If I shoot film, i have the dilemma that everything else will be 16:9 and the Super 8 is 4:3. If I want to convert it to 16:9 then I'd have to crop a large amount of the horizontal video. This means I have to film with this in mind, shoot all my shots wider, and have 'dead space' at the top and bottom, needlessly wasting recorded image. One way I can attempt to reduce this is to include the Sprocket in the film, and as the image bleeds passed the sprocket to the edge of the film, with a kind of vignette, keep this image as a 'Lo-fi' border. I could then just include a small black vignette as featured in the video, on the other side, removing the white areas with a kind of in-between version, cropping a little off the top and bottom, and widening the frame slightly passed exposed images.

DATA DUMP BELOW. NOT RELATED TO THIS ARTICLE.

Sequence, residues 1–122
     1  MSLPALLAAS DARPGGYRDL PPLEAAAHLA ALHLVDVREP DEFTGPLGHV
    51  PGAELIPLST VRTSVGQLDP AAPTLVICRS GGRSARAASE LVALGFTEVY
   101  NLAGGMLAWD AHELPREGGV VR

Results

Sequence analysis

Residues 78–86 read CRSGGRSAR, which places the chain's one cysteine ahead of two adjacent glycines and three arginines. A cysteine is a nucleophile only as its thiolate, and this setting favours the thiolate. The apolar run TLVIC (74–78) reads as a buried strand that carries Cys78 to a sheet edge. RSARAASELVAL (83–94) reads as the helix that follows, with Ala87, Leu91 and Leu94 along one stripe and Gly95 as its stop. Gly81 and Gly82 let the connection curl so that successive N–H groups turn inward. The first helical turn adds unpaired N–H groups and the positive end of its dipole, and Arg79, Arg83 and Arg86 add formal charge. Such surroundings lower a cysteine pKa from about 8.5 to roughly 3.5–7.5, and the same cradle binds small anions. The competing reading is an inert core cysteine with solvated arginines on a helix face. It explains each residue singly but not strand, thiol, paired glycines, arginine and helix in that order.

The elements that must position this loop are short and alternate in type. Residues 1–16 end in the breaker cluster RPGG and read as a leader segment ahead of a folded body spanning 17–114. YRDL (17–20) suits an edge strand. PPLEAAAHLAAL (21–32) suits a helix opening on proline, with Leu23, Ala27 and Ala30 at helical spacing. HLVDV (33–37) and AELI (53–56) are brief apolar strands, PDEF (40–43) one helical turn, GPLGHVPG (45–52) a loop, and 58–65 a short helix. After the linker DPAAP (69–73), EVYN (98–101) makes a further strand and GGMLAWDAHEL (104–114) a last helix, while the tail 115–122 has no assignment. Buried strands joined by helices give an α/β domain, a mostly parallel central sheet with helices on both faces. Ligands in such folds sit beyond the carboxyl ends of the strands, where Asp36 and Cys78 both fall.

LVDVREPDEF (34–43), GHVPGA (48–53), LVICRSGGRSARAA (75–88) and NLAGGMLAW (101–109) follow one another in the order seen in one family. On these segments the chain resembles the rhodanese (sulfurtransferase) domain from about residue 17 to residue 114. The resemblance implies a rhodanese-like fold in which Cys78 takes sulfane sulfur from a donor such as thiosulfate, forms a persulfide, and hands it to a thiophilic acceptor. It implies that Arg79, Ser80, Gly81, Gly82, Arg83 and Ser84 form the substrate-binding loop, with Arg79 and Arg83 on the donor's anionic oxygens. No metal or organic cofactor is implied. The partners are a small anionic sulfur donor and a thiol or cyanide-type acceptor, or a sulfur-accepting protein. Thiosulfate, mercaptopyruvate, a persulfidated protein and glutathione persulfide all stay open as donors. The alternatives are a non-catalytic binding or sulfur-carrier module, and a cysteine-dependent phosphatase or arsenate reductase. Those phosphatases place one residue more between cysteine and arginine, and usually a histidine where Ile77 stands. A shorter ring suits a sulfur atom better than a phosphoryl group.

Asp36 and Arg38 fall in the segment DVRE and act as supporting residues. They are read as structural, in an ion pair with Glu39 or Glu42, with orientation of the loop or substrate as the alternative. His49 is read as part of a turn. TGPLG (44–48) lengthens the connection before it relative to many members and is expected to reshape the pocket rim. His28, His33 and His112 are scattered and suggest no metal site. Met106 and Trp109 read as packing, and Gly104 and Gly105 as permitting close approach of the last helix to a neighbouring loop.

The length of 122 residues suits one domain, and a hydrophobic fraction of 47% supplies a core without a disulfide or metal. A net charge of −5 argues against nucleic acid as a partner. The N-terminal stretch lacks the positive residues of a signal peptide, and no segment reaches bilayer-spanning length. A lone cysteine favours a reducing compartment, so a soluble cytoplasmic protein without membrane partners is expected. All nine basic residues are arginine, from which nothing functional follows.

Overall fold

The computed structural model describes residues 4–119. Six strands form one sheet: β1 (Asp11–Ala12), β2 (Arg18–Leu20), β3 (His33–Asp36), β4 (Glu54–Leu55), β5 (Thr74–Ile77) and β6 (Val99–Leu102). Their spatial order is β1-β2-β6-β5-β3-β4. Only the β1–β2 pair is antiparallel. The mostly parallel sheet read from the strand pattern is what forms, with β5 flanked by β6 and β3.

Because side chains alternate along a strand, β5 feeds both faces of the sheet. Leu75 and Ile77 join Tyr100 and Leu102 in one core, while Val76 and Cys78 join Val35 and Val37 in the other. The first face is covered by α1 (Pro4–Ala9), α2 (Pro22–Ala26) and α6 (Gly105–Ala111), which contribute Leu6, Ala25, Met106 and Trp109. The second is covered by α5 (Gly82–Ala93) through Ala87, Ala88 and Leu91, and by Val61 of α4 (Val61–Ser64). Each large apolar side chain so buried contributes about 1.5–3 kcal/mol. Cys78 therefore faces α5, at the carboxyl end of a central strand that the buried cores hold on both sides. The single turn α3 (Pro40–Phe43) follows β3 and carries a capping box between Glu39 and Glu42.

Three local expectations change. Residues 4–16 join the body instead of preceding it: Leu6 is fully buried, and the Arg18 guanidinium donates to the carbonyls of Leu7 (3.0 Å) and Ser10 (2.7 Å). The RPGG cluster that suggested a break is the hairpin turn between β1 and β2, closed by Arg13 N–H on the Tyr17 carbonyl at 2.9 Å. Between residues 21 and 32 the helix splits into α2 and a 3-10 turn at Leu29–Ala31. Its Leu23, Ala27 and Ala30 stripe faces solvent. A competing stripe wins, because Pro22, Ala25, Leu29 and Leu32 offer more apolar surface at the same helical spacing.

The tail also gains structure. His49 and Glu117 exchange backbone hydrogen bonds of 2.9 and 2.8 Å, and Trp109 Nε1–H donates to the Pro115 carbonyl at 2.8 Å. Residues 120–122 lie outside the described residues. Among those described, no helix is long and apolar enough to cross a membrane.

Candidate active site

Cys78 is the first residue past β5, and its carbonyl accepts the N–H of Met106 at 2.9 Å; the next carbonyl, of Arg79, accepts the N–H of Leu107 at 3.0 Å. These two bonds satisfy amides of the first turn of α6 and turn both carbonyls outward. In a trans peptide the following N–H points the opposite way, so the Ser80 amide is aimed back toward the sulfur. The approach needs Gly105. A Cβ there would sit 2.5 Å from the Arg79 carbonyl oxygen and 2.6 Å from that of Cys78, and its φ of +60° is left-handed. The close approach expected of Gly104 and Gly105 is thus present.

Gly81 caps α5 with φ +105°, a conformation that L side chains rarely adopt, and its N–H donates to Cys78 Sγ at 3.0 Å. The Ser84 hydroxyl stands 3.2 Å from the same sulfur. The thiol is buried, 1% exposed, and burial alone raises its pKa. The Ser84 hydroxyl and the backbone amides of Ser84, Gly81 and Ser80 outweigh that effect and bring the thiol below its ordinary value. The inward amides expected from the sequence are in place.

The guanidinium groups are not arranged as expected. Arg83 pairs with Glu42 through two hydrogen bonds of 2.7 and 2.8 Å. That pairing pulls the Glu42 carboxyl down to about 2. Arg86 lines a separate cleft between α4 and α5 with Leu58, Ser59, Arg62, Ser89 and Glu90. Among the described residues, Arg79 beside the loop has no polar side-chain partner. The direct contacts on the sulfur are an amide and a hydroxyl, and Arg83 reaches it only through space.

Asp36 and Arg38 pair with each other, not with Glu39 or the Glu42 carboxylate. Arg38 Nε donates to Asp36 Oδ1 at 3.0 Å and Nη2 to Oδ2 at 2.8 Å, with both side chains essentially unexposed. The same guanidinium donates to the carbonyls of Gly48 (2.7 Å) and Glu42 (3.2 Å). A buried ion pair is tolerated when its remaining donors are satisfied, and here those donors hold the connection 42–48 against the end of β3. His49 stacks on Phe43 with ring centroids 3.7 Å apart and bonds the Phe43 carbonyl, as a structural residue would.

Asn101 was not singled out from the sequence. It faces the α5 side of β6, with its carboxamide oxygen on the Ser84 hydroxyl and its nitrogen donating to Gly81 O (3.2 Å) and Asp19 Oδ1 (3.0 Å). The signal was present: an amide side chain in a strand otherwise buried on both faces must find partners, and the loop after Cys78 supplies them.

Another thing this sample video serves as, is the possibility of image quality of super 8 film. If i were presented this without context, i would assume it was 16mm. I think this is because it is scanned frame by frame, in 4K. This might not necessarily be the effect i'm going for but it's good to know how to get the most out of the image.
Most of the high image quality is certainly down to hardware. A different higher quality lens, and a low grain film. So i think the perfect balance, is to scan in 4k and use a medium grain film, also embracing the flaws in image of my super 8 camera (the Canon 814E).
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